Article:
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After Elizabeth I’s death in 1603, James I (who had ruled Scotland as James VI.) People hoped that her successor would begin a new era of peace. The son of the Catholic Mary, Queen of Scots, James was Protestant, but English Catholics were hopeful he would be more sympathetic to them. Even Spanish agents expressed doubts about stirring up a Catholic uprising in England now that James had taken the throne. International relations took a more placid turn as well. At the signing of the Treaty of London of 1604, England agreed to end aid to the Protestant Dutch, and Spain agreed to give no military assistance to English Catholics.

Upper Classes Were Still Catholic

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These developments helped quiet the minds of some of England’s Catholic dissidents. English Catholicism was characterized by upper class leadership, which often had both sufficient influence and money. Many were well-positioned enough to bear the disadvantages loaded upon them and conformed publicly to the 1559 religious settlement while privately practicing their religion.

The Gunpowder Plot

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Some Catholic dissidents, however, sought to overthrow Protestant rule in England. King James’s adherence to the 1559 settlement and public continuance of intolerant policies inspired some to take a more active role to place a Catholic monarch on the throne. One such person was Robert Catesby. The idea of using gunpowder had occurred to him in 1603, and Catesby began recruiting in early 1604.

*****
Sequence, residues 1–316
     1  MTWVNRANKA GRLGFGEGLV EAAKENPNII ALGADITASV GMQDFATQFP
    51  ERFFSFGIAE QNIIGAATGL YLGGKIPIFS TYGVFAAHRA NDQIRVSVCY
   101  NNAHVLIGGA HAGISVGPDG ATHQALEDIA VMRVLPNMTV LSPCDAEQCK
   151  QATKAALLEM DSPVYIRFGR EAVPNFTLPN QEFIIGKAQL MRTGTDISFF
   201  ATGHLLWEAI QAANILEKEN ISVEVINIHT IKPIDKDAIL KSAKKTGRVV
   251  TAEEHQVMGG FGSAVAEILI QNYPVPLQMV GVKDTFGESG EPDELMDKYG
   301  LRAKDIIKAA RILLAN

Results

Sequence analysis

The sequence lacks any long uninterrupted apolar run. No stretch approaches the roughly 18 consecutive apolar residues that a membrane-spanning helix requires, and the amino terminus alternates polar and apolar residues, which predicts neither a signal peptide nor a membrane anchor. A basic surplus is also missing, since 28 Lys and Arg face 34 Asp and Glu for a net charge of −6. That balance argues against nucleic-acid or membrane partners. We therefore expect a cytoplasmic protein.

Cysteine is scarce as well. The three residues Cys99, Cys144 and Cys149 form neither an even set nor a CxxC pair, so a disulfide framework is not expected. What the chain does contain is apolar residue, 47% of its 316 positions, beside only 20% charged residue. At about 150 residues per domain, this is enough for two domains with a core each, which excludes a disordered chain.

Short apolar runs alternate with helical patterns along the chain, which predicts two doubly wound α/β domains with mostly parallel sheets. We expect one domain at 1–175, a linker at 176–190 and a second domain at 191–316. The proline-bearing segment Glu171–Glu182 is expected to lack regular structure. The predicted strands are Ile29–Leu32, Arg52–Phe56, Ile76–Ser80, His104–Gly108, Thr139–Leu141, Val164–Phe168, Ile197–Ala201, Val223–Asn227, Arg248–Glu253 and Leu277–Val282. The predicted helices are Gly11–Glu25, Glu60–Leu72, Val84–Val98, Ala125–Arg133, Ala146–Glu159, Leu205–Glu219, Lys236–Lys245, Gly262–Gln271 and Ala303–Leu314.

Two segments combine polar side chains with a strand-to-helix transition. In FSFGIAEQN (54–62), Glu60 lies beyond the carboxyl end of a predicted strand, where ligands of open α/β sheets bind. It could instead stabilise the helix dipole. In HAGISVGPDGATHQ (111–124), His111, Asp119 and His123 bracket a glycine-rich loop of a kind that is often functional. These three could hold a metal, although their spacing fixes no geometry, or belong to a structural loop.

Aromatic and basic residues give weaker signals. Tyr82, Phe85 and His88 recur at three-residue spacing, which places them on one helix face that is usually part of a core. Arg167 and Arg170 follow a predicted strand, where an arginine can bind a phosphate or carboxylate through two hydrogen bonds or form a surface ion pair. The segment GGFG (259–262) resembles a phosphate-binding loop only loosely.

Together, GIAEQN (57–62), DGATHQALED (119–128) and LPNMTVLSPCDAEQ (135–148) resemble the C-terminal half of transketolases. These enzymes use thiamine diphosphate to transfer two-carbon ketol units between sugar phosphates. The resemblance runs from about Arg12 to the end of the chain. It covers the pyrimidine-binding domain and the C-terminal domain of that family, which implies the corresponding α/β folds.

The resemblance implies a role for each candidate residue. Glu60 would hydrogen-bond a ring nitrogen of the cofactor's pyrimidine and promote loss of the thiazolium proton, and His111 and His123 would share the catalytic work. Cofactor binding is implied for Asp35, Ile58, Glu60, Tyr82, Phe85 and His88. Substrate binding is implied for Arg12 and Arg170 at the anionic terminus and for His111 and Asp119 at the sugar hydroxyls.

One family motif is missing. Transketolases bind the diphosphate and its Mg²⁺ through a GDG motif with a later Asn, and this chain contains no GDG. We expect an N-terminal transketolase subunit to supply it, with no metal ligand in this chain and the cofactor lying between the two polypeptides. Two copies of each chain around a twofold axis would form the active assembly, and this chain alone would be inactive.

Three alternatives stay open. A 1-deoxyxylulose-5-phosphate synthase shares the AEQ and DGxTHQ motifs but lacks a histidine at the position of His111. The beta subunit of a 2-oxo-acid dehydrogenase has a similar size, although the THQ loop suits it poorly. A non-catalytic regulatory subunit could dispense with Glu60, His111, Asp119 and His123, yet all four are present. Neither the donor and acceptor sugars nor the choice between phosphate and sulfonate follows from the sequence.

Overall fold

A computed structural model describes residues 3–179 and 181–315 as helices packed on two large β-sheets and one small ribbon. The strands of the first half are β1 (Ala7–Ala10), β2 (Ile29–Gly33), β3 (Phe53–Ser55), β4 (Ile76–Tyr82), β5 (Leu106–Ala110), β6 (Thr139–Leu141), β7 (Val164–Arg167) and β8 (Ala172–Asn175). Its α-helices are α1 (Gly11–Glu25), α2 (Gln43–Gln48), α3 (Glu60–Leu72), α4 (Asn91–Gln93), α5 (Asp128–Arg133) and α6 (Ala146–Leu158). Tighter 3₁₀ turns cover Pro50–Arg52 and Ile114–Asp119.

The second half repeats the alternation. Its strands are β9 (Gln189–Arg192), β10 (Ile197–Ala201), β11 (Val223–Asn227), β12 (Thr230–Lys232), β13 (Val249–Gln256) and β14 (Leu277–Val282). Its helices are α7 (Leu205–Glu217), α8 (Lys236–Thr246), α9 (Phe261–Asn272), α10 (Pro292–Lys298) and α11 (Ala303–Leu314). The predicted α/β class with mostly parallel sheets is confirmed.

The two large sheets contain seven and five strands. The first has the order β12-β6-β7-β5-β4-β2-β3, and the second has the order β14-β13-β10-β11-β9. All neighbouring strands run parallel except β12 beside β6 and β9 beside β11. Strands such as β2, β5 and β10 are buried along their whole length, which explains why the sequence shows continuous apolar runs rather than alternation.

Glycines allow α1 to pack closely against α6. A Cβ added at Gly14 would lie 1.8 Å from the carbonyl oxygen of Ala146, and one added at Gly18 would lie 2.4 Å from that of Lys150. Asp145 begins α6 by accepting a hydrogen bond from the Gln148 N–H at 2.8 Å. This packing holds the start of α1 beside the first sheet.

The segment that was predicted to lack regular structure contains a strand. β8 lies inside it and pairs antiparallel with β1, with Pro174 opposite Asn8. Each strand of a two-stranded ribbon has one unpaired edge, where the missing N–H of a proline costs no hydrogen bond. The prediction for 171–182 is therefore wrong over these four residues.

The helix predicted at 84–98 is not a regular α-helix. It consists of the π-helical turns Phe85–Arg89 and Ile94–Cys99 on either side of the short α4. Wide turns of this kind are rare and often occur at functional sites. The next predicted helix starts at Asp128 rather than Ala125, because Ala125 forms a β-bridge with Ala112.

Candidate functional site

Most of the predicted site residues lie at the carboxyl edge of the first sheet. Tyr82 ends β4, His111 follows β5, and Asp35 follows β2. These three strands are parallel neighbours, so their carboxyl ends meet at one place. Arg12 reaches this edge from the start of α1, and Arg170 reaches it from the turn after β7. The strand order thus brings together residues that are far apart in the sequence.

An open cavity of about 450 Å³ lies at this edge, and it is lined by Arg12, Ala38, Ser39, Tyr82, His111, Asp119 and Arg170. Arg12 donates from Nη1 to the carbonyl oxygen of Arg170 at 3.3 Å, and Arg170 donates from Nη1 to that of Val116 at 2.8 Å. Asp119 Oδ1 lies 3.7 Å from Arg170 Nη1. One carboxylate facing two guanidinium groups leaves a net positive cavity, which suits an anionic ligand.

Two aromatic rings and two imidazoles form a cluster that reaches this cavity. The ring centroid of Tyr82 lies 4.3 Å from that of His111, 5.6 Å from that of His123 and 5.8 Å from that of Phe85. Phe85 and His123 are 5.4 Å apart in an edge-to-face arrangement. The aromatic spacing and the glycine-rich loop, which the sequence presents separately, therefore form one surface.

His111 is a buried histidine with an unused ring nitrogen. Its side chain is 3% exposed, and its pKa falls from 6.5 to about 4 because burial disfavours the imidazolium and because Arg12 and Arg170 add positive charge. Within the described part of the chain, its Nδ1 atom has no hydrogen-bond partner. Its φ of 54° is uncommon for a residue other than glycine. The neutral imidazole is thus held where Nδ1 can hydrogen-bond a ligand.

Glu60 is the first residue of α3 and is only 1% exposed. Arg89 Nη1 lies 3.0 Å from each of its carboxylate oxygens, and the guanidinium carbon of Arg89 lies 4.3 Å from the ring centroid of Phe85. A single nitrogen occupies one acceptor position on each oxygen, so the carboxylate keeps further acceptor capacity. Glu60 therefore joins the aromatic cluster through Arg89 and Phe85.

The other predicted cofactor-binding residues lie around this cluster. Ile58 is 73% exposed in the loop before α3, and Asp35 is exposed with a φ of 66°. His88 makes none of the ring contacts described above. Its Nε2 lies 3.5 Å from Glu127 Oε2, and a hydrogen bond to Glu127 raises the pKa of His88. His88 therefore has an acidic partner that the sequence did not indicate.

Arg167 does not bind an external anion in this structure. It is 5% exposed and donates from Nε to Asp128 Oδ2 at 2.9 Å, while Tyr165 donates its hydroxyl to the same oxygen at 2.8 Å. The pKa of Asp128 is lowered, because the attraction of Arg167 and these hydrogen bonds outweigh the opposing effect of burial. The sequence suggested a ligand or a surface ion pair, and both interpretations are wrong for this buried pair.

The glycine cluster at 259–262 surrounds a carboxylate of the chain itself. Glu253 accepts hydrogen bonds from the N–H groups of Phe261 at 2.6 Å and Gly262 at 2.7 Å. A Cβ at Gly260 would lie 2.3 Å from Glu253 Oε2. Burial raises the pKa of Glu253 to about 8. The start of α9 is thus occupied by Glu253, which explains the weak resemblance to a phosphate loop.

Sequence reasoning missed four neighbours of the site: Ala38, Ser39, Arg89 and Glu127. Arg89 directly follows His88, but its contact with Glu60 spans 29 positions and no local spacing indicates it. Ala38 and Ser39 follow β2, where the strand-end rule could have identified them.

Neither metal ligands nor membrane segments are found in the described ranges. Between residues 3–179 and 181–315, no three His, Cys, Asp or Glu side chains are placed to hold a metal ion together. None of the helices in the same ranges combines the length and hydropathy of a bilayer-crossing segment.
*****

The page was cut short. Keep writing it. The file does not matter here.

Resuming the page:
Catesby Was Joined By Guy Fawkes

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Thomas Winter, John Wright and Thomas Percy were the plot’s first members, they belonged to the disaffected Catholic upper classes. Winter traveled to Flanders, which was under Spanish rule, to seek out Spanish assistance, but he wasn’t successful. Luckily, he found Guy Fawkes, a former schoolmate of Wright who was fighting for the Spanish in Flanders. Born a Protestant in York in 1570, Fawkes later converted to Catholicism.

Author Antonia Fraser describes Fawkes as “a man of action … capable of intelligent argument as well as physical endurance, somewhat to the surprise of his enemies.”

Winter learned of Fawkes’s extensive expertise in explosives and convinced him to join the plot. In May 1604, at the Duck and Drake Inn in London, the five men met and swore an oath of loyalty and secrecy.

13 Co-conspirators